Ms. Alleslev spent the early hours of Tuesday morning with a jubilant crowd at Turtle Jack’s in Richmond Hill, where she paid tribute to her family and the volunteers who shaped a brand-new riding.

“This has been the longest campaign, but one with the best results we can ever hope for: a Liberal majority,” she told supporters. There are no words to adequately tell you how grateful I am to everyone in this room. We took a riding that didn’t exist and we built it from the ground! We started with just a few people and look at where we are today. This shows you what a team can do when they believe in themselves and the individual contribution they can [have] to make a greater difference in their own corner of the world.”

As excitement of the crowds calmed, both of Aurora’s new Members of Parliament shared their Election Day experiences with The Auroran. Mr. Peterson said he spent the “rollercoaster” of the day working at a couple of key polls in Newmarket while Ms. Alleslev spent the “nerve-wracking” day working to get out to vote. However they spent the day, it was worthwhile in the end.

“I can tell you right now it is better to win than to lose,” joked Mr. Peterson reflecting on his 2011 campaign. “It was a rollercoaster because you never know. You are always optimistic and as soon as those numbers started coming in, I started breathing better. We won every poll by a little bit, but a little bit, plus a little bit, plus a little bit started adding up. The trend was there and I was feeling good about halfway through.”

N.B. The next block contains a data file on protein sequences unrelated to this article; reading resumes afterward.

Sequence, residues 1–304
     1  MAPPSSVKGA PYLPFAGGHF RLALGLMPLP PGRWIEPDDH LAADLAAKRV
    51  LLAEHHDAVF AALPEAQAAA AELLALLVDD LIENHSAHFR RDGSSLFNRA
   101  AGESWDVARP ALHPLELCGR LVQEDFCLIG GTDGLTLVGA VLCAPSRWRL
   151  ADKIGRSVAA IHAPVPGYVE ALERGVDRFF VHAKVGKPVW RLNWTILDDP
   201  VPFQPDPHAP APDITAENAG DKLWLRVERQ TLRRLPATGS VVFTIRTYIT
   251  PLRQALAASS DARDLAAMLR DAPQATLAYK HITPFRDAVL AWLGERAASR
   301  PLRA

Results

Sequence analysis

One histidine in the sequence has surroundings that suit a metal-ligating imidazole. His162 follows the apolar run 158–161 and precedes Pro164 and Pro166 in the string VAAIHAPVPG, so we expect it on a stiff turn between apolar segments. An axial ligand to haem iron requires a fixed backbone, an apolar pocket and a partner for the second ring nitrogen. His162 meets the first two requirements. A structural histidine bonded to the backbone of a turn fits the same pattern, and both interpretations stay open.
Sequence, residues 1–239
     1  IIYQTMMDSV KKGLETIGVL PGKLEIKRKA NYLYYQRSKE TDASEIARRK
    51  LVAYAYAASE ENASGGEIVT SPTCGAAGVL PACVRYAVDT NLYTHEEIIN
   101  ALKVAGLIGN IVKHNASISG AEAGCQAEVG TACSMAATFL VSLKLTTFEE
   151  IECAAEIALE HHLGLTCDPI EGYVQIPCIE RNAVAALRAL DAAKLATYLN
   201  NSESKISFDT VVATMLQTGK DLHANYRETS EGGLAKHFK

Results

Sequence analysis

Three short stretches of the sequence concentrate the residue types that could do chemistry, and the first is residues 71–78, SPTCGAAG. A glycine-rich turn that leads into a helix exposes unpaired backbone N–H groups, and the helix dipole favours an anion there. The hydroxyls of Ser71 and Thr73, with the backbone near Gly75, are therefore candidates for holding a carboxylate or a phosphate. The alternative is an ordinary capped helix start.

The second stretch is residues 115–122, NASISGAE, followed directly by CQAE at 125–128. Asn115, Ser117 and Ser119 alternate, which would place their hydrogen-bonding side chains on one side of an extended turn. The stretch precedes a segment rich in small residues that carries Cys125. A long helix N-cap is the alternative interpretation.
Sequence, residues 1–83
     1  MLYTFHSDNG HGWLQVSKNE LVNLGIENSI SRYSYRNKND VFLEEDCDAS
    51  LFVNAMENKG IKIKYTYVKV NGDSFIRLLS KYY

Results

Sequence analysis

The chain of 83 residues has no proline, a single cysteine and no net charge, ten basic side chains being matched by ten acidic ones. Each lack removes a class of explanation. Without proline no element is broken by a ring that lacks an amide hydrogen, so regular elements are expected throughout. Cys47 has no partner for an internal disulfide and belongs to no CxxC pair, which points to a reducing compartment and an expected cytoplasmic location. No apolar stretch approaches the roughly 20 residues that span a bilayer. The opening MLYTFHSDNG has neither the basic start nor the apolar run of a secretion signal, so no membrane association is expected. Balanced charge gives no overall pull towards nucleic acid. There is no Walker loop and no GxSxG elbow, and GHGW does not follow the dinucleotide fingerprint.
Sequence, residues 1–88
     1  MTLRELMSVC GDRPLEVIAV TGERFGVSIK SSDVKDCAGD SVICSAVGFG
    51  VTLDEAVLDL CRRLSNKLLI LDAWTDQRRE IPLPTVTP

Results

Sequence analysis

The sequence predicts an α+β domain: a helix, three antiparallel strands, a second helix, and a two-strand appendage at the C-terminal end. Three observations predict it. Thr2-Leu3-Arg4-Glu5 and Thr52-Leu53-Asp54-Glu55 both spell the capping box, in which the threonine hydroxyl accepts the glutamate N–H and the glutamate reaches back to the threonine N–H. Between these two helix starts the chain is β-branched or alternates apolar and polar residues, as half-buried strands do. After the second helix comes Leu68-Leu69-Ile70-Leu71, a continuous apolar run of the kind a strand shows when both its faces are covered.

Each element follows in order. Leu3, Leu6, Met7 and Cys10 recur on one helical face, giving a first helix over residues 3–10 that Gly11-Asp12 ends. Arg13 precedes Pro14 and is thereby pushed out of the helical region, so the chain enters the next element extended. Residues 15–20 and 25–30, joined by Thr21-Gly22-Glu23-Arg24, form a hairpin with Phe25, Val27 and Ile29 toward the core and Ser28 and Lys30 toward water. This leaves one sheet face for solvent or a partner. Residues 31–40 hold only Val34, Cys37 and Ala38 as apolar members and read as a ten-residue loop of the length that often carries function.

There was a different feeling this time around from Day One of the campaign, he added. A long campaign, the longest one in Canada in over a century, ultimately worked out in his favour, he said, as it gave him more time to introduce himself to voters and get that message out.

In an election such as this, incumbents are always more familiar faces, but the long campaign evened that score – and the same can be said for Canadians and Mr. Trudeau.

“He had 76 days to convince Canadians he was legitimately Prime Minister material and he started to resonate with Canadians,” said Mr. Peterson.
Over the next week, Mr. Peterson says once all the loose ends of the campaign have been tied up, the first thing on his to-do list is meet with residents to start prioritizing their concerns and setting up his constituency office to serve them.

“The first thing on my agenda is to make sure I use the momentum we have created from this to now start to build the plan for what I am going to do next,” added Ms. Alleslev. “We have been honoured to be given this opportunity to lead, make changes, create the vision and implement it. Tomorrow is the first day of doing just that.”

The morning following the election, Ms. Brown expressed her thanks to the people of the riding.

“I would just like to say thank you to all the people of Newmarket-Aurora who have given me the privilege to serve them over the past seven years,” she said. “It has been an awesome privilege.”